The coronavirus pandemic has had a significant impact on different industries in the US. While it has caused major disruption, it has also presented a significant amount of opportunities that have positively affected the performance, innovation, and survival of a number of small businesses.
The small business category is a very broad one in the US, with a staggering 99% of businesses in the US actually qualifying as small businesses according to the World Economic Forum.
In this article, we’ll look at how this large category of businesses has been impacted by the pandemic, what challenges and opportunities emerged, and whether or not post-pandemic optimism is warranted.
The economic impact of the pandemic and the distribution of financial assistance
A Statista report on the overall economic impact of the pandemic on small businesses in the US as of October 2021 shows that for the businesses of 44.9% of the respondents (the largest proportion), the pandemic had a moderate negative effect, while for 22.5% of the respondents (the second highest proportion), the pandemic had little or no effect.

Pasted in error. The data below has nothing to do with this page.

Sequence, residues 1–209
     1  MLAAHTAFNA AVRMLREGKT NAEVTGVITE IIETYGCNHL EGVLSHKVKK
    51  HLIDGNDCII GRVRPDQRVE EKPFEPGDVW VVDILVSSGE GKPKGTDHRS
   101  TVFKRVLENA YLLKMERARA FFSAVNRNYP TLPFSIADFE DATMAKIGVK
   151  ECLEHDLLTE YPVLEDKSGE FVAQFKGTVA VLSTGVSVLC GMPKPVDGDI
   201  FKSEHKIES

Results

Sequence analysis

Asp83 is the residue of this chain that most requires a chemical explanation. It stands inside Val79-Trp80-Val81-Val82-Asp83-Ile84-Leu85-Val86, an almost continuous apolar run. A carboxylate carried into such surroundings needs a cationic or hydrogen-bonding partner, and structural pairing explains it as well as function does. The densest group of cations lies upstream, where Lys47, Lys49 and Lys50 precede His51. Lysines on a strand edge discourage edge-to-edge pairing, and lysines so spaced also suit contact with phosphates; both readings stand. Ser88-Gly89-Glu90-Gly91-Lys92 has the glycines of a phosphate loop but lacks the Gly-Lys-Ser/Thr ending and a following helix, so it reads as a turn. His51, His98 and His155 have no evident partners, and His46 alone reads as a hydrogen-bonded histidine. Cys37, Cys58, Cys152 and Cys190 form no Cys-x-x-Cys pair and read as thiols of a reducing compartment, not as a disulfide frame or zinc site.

Financial assistance provided by the US government to small businesses over the period was crucial to ensuring that they were able to weather the storm of the pandemic.
When looking at the distribution of financial assistance received by small businesses, the Paycheck Protection Program (PPP) and Paycheck Protection Program loan forgiveness had the greatest impact on relieving the financial pressure of small businesses, accounting for 44.5% and 41.3% of the overall financial assistance, respectively.
Loan programs also played a significant role in mitigating the effects of the pandemic, as the approval of small businesses loans by various lenders in the US provided small businesses with a greater buffer. When it comes to lender types, Statista figures show that 24.5% of lending was from alternative loans, while 23.8% was from institutional lenders, 20.5% was from credit unions, 18.5% from small banks, and 13.6% from large banks.